The API includes one or more main dictionaries 30 that supply information used in text checking. The content of each dictionary may vary according to the text checking function with which it is associated. For example, a dictionary for spell checking includes representations of numerous correctly spelled words. A dictionary for grammar checking may include numerous words, each being associated with its part of speech, verb tense, etc. A dictionary for thesaurus checking may include numerous words, each being associated with other words of similar meaning. Further, each dictionary may vary according to language and number of entries. Such dictionaries are well known and available in the art.
The input buffer 18 receives from the application program a pointer 32 to an array of main dictionaries 30, which specifies which main dictionaries are to be used to verify the text in the buffer. The main dictionary pointer is passed to a set of main dictionary control routines 34 that opens the main dictionaries specified by the pointer. Alternatively, the main dictionaries may already have been opened by another calling program. The main dictionaries remain open for all subsequent text checks until the dictionaries are closed using one of the dictionary control routines or a termination routine as discussed below.
An exclusion dictionary 36 can be associated with each main dictionary. If text being checked is found in the exclusion dictionary, it is flagged as incorrect even if it is also found in the associated main dictionary. For example, if a user habitually types "pun" instead of "pin," the user may enter "pun" in an exclusion dictionary. Each time the user spell checks "pun" it will be flagged even thought "pun" is probably in the associated main dictionary.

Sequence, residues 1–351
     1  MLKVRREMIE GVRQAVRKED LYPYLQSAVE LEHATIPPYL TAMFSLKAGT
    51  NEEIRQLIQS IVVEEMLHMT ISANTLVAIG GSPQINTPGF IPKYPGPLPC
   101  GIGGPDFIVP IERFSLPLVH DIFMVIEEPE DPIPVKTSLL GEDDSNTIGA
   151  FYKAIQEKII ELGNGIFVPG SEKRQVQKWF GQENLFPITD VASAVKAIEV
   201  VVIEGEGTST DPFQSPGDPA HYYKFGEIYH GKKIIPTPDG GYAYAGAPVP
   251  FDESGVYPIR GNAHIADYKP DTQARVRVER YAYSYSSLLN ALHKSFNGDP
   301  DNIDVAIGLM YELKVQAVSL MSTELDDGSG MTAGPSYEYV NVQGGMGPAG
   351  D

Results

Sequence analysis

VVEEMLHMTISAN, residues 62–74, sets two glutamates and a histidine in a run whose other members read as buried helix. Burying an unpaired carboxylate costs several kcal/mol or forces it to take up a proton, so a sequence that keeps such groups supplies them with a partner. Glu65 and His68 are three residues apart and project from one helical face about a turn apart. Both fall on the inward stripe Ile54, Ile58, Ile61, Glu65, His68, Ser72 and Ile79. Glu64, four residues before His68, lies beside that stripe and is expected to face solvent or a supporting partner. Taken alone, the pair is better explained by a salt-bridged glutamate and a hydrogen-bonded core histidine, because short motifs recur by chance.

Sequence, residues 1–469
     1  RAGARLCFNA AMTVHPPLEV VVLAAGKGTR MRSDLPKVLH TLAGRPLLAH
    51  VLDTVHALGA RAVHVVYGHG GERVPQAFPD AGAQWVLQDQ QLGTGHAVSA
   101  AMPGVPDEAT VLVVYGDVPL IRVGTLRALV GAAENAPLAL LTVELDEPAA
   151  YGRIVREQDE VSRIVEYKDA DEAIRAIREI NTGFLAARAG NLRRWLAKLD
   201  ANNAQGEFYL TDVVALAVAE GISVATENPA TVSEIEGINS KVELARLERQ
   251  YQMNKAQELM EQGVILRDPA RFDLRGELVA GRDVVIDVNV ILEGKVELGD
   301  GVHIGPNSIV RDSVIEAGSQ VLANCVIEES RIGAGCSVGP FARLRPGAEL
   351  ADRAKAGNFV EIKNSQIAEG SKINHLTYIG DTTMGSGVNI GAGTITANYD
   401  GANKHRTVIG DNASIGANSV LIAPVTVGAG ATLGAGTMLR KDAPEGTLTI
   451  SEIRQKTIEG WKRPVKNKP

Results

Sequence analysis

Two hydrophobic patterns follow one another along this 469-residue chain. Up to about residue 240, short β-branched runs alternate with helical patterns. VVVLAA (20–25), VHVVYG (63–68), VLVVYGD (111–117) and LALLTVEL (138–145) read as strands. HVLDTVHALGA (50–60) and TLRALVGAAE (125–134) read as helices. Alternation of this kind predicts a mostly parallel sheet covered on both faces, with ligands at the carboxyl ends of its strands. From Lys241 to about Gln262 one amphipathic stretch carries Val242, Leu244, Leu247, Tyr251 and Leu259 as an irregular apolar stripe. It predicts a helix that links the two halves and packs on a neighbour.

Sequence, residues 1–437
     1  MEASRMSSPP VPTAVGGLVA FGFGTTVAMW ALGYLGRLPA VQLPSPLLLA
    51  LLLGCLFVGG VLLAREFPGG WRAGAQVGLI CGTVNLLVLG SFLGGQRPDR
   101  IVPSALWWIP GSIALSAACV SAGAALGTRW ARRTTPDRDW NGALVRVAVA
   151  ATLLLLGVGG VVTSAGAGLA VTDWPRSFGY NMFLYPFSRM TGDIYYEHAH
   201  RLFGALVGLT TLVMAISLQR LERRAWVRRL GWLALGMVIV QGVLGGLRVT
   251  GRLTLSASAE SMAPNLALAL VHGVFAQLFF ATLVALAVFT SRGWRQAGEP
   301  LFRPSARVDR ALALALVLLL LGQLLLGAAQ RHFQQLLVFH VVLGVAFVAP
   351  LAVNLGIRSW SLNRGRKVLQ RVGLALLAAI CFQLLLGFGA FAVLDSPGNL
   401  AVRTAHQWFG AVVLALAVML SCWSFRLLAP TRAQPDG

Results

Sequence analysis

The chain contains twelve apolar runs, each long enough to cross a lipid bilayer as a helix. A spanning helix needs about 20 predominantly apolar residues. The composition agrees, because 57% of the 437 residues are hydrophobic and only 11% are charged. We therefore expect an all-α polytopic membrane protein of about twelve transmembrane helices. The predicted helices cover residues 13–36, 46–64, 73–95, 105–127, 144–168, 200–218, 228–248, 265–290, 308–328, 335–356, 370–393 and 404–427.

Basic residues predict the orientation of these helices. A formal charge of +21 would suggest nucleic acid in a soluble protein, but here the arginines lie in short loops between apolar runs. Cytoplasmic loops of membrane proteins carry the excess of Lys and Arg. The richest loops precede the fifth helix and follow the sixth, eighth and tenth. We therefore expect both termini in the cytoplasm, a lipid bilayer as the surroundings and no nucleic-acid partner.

The API includes one or more user dictionaries 38 that supply information used in text checking. The content of each user dictionary is entered by a user using a routine from a set of user dictionary control routines 40. Like the main dictionaries, the user dictionaries may vary according to the text checking function with which it is associated.
The input buffer 18 also receives from the calling program a pointer 42 to an array of user dictionaries 38, which specifies which user dictionaries to use when processing the text, and also the order in which dictionaries are to be used. The user dictionary pointer is passed to the set of user dictionary control routines 40, one of which opens the user dictionaries specified by the pointer. Alternatively, the user dictionaries may already have been opened by another calling program. This pointer should only reference valid user dictionaries and should not include any specific reference to ram cache word lists, or to exclusion dictionaries.